Pope Francis' visit to Cuba and the United States comes as people and politicians in both countries increasingly support ending an economic embargo that has been in place for more than five decades.
U.S. President Barack Obama, Cuban President Raul Castro and the Vatican have called for a lifting of the embargo, which was first put in place in 1960 and repeatedly strengthened in the years since in response to growing strains between the countries.
Yet, despite public support for the embargo to end, U.S. Congress remains separated on the issue, with several bills stalled in subcommittees. Congressional approval is needed to roll back the sanctions.
Several members of the House and Senate have said Cuba needs to transition to an open democracy with free elections before they lend support to ending the embargo.
"Our extensive experience with transitions from communism has shown that economic opening and diplomatic engagement do not automatically lead to political freedom," Sen. Marco Rubio, R-Florida, outspoken supporter of the embargo, wrote in an op-ed in The New York Times in July.
Pope Francis, who helped broker a diplomatic rapprochement between Cuba and the U.S., could lend a powerful voice to the argument against the embargo when he addresses a joint meeting of Congress Sept. 24.
But the pope is unlikely to wade into specific policy matters, Archbishop Thomas Wenski of Miami said in an appearance on "This Week in South Florida" Sept. 13.
"The pope likes to make gestures that are symbolic. Even the fact that he's traveling to Washington from Cuba is symbolic," said Wenski, who will travel with more than 200 people from Miami to Cuba for the papal visit. "I think that's going to speak volumes."
Francis' visit comes as polls in Cuba and the United States show public support growing for doing away with the embargo.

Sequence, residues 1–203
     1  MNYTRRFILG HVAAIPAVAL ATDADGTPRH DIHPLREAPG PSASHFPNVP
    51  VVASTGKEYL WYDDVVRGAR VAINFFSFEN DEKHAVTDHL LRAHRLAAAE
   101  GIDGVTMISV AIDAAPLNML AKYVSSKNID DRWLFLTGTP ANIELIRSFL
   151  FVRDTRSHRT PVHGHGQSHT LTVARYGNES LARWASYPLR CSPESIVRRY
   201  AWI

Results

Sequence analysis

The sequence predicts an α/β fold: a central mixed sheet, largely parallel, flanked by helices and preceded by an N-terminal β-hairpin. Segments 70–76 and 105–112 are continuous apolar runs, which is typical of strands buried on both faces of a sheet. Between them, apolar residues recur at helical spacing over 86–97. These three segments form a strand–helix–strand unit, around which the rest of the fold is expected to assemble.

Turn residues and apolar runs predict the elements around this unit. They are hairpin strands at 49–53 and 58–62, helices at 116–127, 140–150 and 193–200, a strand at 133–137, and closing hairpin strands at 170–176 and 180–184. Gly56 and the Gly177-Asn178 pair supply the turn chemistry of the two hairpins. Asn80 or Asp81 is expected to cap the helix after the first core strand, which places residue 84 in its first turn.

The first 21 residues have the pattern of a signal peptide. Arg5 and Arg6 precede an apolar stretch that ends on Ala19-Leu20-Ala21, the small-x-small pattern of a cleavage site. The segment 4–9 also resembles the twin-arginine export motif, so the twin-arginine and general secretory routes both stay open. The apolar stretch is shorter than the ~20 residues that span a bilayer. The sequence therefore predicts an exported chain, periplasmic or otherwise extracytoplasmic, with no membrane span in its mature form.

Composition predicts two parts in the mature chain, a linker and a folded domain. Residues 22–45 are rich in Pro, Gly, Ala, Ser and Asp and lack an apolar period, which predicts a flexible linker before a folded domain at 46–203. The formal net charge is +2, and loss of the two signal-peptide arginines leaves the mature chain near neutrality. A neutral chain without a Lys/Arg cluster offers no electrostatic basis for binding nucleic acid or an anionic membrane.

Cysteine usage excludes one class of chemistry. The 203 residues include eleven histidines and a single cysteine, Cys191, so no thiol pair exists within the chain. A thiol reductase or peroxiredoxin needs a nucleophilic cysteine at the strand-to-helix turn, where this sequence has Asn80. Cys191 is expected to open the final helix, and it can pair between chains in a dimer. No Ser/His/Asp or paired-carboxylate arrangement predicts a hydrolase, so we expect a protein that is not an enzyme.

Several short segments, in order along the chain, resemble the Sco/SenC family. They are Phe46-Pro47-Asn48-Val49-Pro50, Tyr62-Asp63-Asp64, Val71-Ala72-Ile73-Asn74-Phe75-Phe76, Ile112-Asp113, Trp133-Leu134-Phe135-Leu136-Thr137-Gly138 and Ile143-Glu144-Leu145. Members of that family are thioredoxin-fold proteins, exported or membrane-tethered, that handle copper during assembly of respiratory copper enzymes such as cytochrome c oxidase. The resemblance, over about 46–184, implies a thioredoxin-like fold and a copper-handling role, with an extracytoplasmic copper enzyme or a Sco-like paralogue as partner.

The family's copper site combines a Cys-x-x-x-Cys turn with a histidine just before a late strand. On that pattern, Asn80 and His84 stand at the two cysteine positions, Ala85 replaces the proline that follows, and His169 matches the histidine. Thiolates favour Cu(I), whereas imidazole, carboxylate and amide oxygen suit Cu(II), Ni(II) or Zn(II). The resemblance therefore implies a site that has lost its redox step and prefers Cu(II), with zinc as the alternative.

A Pew Research Center poll of 2,002 adults conducted July 14-20 found that 72 percent of respondents -- including 59 percent of Republicans -- favored ending the trade embargo, up from 66 percent in January.
A March poll conducted for Univision Noticias found 96 percent of Cuban adults surveyed were against the embargo, or "bloqueo" as it's called there, and that Obama and Pope Francis were tied as the most popular figures.
Church leaders in both Cuba and the U.S. are opposed to the embargo and have periodically called on the U.S. politicians to lift it.
Havana Cardinal Jaime Ortega Alamino said that, in March 2014, Pope Francis told Obama that "Latin America is united against the embargo" and that lifting it would help the U.S. improve relations with countries in the region.
"The pope spoke about the embargo to Obama, and he told him that it was a totally obsolete measure that was put in place before (Obama) was born," according to an interview with Cardinal Ortega published on the Havana archdiocesan website.
Speaking to the weekly Tribuna de La Habana newspaper before Pope Francis' visit, Cardinal Ortega spoke against the embargo, "which has affected us during many years." He also spoke of a "new possibility" in diplomatic relations that comes with the pope's visit.
"It is a real event for any country," he said. "The pope is coming to visit not only the Catholic Church, also ... the Cuban people."
Trinitarian Father Juan Molina, director of the U.S. bishops' Office for the Church in Latin America, said last month that the embargo puts a "block between two hands, two sister churches working together."
Members of Congress have responded to Obama's calls for the embargo to end with numerous bills, including a bipartisan measure introduced in July by Reps. Tom Emmer, R-Minnesota, and Kathy Castor, D-Florida. That bill, however, and a handful of others that deal with the embargo have failed to make it out of subcommittees.
The U.S. put the first economic embargo in place in 1960 under the administration of President Dwight D. Eisenhower. On Jan. 3, 1961, Eisenhower cut diplomatic ties with Cuba after then-President Fidel Castro nationalized foreign assets, including U.S. property. Eisenhower extended the embargo in response. Congress has strengthened the restrictions several times since.
U.S. and Cuban diplomats leading bilateral negotiations have not discussed the embargo, instead preferring to focus on issues where the two countries share common ground, such as environmental protection, civil aviation and response to natural disasters.
As for the embargo, "There's nothing Cuba can do about that," Josefina Vidal, the Cuban Foreign Ministry's chief of U.S. affairs, told reporters in early September.